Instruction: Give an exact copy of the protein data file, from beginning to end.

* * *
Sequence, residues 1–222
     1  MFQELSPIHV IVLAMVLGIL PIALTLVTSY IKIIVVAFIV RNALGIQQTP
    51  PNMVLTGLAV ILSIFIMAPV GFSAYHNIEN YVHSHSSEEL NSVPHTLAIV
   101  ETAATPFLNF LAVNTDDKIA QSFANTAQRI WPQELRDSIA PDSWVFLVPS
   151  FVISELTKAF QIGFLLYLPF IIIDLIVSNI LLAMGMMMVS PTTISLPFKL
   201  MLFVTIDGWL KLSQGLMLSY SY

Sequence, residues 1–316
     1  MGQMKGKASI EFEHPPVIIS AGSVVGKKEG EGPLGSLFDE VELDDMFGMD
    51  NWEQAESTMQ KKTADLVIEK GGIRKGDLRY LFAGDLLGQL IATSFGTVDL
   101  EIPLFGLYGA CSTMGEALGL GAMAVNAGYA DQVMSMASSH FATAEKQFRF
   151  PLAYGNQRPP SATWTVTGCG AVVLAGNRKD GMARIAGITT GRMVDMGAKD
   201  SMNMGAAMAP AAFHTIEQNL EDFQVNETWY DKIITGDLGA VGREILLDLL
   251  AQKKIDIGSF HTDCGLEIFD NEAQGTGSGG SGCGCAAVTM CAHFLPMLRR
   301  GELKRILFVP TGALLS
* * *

Sequence, residues 1–222
     1  MFQELSPIHV IVLAMVLGIL PIALTLVTSY IKIIVVAFIV RNALGIQQTP
    51  PNMVLTGLAV ILSIFIMAPV GFSAYHNIEN YVHSHSSEEL NSVPHTLAIV
   101  ETAATPFLNF LAVNTDDKIA QSFANTAQRI WPQELRDSIA PDSWVFLVPS
   151  FVISELTKAF QIGFLLYLPF IIIDLIVSNI LLAMGMMMVS PTTISLPFKL
   201  MLFVTIDGWL KLSQGLMLSY SY

Sequence, residues 1–316
     1  MGQMKGKASI EFEHPPVIIS AGSVVGKKEG EGPLGSLFDE VELDDMFGMD
    51  NWEQAESTMQ KKTADLVIEK GGIRKGDLRY LFAGDLLGQL IATSFGTVDL
   101  EIPLFGLYGA CSTMGEALGL GAMAVNAGYA DQVMSMASSH FATAEKQFRF
   151  PLAYGNQRPP SATWTVTGCG AVVLAGNRKD GMARIAGITT GRMVDMGAKD
   201  SMNMGAAMAP AAFHTIEQNL EDFQVNETWY DKIITGDLGA VGREILLDLL
   251  AQKKIDIGSF HTDCGLEIFD NEAQGTGSGG SGCGCAAVTM CAHFLPMLRR
   301  GELKRILFVP TGALLS